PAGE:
The Loop Newspaper - Tehachapi's Online Community News & Entertainment Guide

By Jon Hammond
contributing writer 

American Kestrels: a cute but feisty little raptor

Land of Four Seasons

 

August 20, 2022

Jon Hammond

Kestrels are so small that they are perfectly comfortable perched on power lines, while larger raptors like Red-tailed Hawks typically only perch on the poles or crossarms.

One of the most common raptors in the Tehachapi Mountains is a small falcon that is only a slightly bigger than a cockatiel, but it has sharp talons like curved ice picks, a hooked bill and a fierce little dark-eyed stare: the American Kestrel.

American Kestrels (Falco sparverius) are North America's smallest falcon, and also the most widespread one. These little raptors are primarily birds of open areas, and they can commonly be seen perching on power poles or the crossarms at the top of poles. They are even comfortable perching on the wires themselves, which is behavior you seldom see from any of the larger raptors.

There are four members of the Falco genus that can at least occasionally been spotted in the Tehachapi Mountains: American Kestrels, Merlins, Prairie Falcons and Peregrine Falcons. The term falcon derives from the Latin word falcis, which means "a sickle" and refers to the way that their sharp curving talons resemble a traditional sickle or reaping hook.

Years ago I helped a noted biologist named Dick Anderson trap and band kestrels, and I immediately gained respect for these pint-sized raptors, as they repeatedly drew blood from the puncture wounds they inflicted on my hands with a quick squeeze from their slender talons.

An old name for American Kestrels is sparrowhawk, and they do sometimes prey on small songbirds – the ornithological name sparverius is Latin for "sparrow." However, they more commonly eat insects and other invertebrates like grasshoppers, beetles, moths, dragonflies, cicadas, etc. In addition to birds, kestrels will also eat small vertebrates like lizards, mice, voles, small snakes and frogs.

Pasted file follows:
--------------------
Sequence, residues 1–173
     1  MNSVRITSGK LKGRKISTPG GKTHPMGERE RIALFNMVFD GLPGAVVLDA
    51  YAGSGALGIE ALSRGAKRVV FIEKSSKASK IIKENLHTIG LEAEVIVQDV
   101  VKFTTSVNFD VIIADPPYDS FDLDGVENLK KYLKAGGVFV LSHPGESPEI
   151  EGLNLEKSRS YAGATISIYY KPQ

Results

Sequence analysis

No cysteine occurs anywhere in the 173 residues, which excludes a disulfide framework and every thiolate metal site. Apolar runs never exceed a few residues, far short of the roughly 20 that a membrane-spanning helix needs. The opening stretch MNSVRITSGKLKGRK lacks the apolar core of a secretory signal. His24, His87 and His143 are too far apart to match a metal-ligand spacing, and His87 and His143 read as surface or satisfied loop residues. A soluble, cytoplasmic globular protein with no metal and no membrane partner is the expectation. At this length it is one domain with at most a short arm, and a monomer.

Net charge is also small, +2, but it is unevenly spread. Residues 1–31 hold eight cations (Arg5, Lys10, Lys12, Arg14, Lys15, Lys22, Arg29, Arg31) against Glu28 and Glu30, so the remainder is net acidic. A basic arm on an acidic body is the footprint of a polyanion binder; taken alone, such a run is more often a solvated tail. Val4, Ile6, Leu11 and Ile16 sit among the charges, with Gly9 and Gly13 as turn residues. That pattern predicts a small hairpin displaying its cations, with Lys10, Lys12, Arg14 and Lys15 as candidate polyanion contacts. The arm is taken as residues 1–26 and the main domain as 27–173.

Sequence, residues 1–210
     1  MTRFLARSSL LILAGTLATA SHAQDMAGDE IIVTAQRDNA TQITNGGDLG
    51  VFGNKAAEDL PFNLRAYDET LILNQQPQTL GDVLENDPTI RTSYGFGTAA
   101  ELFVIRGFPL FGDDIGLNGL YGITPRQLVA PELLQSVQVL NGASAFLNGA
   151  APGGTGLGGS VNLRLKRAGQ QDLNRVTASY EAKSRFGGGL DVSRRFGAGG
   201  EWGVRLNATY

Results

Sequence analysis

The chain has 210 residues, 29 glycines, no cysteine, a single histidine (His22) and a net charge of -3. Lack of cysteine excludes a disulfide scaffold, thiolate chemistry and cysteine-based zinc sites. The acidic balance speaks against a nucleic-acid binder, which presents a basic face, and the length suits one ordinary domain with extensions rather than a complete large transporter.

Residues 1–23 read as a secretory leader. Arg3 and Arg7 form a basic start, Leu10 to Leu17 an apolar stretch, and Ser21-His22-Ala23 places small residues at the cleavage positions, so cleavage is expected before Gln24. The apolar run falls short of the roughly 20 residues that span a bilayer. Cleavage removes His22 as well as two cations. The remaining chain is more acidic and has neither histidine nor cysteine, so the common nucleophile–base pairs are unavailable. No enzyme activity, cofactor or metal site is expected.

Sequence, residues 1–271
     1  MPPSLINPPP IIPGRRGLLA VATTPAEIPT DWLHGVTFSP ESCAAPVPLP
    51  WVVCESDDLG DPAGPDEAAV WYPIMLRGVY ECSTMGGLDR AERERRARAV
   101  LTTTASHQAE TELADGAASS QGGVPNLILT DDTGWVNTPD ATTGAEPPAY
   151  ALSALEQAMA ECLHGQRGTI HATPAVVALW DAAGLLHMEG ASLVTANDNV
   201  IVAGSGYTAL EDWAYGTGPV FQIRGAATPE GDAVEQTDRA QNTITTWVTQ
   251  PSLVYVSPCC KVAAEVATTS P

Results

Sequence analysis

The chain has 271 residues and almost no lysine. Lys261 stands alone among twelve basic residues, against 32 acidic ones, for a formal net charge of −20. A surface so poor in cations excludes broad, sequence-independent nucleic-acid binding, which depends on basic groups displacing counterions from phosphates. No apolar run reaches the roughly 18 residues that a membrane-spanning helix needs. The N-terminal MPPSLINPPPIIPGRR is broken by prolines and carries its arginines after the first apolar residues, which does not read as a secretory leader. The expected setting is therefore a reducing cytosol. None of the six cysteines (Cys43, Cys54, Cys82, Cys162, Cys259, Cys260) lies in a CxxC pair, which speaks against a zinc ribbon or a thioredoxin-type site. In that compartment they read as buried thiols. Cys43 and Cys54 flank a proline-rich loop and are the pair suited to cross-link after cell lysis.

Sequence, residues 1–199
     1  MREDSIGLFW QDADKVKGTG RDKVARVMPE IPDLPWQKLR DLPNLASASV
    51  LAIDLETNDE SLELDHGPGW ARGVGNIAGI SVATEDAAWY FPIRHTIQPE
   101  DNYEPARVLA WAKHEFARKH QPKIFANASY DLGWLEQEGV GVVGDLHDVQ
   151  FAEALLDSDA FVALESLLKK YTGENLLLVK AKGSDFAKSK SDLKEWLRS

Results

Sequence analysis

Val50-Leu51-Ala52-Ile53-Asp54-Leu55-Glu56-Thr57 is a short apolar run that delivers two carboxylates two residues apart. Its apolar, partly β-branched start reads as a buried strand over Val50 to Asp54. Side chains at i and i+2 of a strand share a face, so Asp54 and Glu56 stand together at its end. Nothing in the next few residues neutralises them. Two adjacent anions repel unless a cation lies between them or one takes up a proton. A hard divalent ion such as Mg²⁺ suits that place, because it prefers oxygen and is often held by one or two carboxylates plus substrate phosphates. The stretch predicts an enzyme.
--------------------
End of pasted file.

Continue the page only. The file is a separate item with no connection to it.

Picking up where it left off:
Kestrels exhibit some of the most marked sexual dimorphism, or visible differences between males and females, of any North American raptor species. Males, as is typical of birds, are the more colorful of the two, with slate-blue wings and head, and a rusty orange back with black barring. They also have two dark streaks down each side of their face. The front mark is sometimes referred to as a "tear streak" or "moustache" mark and the back one called "sideburns."

Female kestrels have the same facial streaks, though typically less pronounced, with streaked bellies and a tawnier, reddish overall appearance without much of the male's slate blue coloration. Females, like most raptors, tend to be slightly larger than males, and may target somewhat larger prey.

American Kestrels are about nine inches long, from their tail to their beak, and have a wingspan a little less than two feet. Like other falcons, their wings are pointed and slender. They can be mistaken for a Mourning Dove when perched a distance away, but kestrels have larger heads and they tend to bob their tails when perched, which pigeons and doves typically do not do.

As I mentioned, American Kestrels tend to prefer open areas without too much tree cover, like fields, meadows, farmland, savannahs, golf courses, desert, low shrub land, etc. They do utilize trees, snags, fenceposts and poles for perching, but aren't generally found in areas that have heavy tree cover. Kestrels like to be able survey their surroundings from a perch with good visibility.

Despite being fierce for their diminutive size and predatory themselves, kestrels are vulnerable to predation by larger raptors like Cooper's and Sharp-shinned Hawks, Barn Owls, Northern Goshawks, Red-tailed Hawks, etc. So they must not only keep an eye out for prey, they must scan the skies and their surroundings for larger hunters than themselves.

When hunting on the wing, kestrels often hover in place, peering at the ground below to catch an actionable glimpse of insects or other small prey. If they do, they suddenly dive and seize their prey with outstretched talons.

Unlike humans, falcons appear able to see in the ultraviolet spectrum, so they can spot the ultraviolet light given off by the urine traces that voles and mice leave along their paths and trails through the grass. By hovering overhead, kestrels can see the outline of the rodent roads, and zero in more effectively on the areas where a mouse or vole is most likely to be spotted and grabbed.

Jon Hammond

An American Kestrel hunting on the wing, hovering above a field where potential prey can be found.

American Kestrels are endearing birds with their attractive markings, agile flight and seasonal calls, uttering a shrill Klee! Klee! Klee! They can be assisted by providing nest boxes for them, which are available online as either plans for building your own, or as completed boxes that are ready to mount. Organic farmers now put up kestrel boxes to try to attract the little raptors for the insect and bird control services they provide. Healthy grasslands and open space are definitely enhanced by the presence of kestrels. . . .

Keep enjoying the beauty of life in the Tehachapi Mountains.

Jon Hammond is a fourth generation Kern County resident who has photographed and written about the Tehachapi Mountains for 38 years. He lives on a farm his family started in 1921, and is a speaker of Nuwä, the Tehachapi Indian language. He can be reached at tehachapimtnlover@gmail.com.

 
 

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